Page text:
Title: The Good Lord Bird
Author: James McBride
Publisher: Riverhead Hardcover
Genre: Literary Fiction, Historic Fiction
I have always been wary of award-winning books. Something about them, that makes me most skeptical to pick them up and start reading. May be that is why, I get all wired when I start reading an award-winning title. It has happened in the past and I thought it would happen again; however this year’s NBA winner, “The Good Lord Bird” by James McBride took me by surprise. I actually enjoyed reading this, though in parts it did get tedious, but overall, it was an irresistible experience. I would keep the book in-between and immediately get back to it. I had to soak in everything it had to offer.
“The Good Lord Bird” is about a boy – Henry Shackleford (an African-American slave), who is abducted by John Brown (a white abolitionist), following a brawl. We all have heard of John Brown – the zealot, who wanted to abolish slavery in America and succeeded to a large extent. The novel is about Henry also known as Henrietta (as he is mistaken to be a girl by John Brown and his men), and the incidents that occur, as seen through his eyes. He is known as “Onion” by John Brown and that is another name that sticks.
Henry observes people around him as the group is on the move to free slaves, wage wars against people who are Pro-Slaves and think of ways and means to win the battle against slavery. What I found most interesting in the book were the parts of Henry being a girl, and interacting with other white men and people of his own colour. Why is he a girl? Because John Brown mistakes him to be one, given his skin colour and hair texture and that sticks. In order to save his life and be free (which is of a conflicting nature in his head sometimes), Henry pretends to be a girl.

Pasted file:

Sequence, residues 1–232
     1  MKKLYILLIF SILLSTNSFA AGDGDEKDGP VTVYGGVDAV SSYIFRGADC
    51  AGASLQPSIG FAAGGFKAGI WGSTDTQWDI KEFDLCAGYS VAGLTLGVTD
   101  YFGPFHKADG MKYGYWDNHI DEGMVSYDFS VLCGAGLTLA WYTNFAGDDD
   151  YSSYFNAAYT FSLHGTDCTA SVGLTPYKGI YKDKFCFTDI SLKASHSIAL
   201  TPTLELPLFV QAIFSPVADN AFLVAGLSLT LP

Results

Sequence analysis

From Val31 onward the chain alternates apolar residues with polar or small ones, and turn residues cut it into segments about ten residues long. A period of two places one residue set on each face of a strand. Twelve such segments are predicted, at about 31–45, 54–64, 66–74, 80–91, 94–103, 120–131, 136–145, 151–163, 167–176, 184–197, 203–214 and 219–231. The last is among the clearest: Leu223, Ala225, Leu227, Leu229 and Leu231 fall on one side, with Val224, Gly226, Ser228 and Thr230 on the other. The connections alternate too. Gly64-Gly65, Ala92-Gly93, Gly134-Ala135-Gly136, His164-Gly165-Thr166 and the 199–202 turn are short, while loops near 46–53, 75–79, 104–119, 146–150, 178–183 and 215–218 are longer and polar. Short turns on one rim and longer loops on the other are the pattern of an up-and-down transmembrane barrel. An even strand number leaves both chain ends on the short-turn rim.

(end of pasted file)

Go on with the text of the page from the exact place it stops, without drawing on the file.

McBride captures an age gone by beautifully through use of language, idiosyncrasies, and description of the landscape. The story moves from Kansas to Missouri and Virginia with great ease and aplomb and so do the characters, as seen by Henry. The writing almost feels real, though you know that most of it is made up or rather all of it is, and yet you cannot help yourself but think of the conversations and incidents to have occurred.
There is a plethora of characters that Henry meets along the way, and they all have a role to play, which McBride executes with great ease and charm. The book is funny in most places and yet there is the tragic aura to it, given the concept of slavery and other issues mentioned. There is a lot of depth of emotion to the book, lend by various characters – from one of the whores in a brothel to John Brown’s sons, to even a couple of Pro-Slavers.
James McBride takes a major chunk of history and makes it his own, which is something very few authors can manage to achieve. Why is the title what it is? For that, you would have to read the book to find out. I can only say one thing, that perhaps this book has to a large extent changed my opinion of award-winning books. It is definitely going to be read again in 2014.
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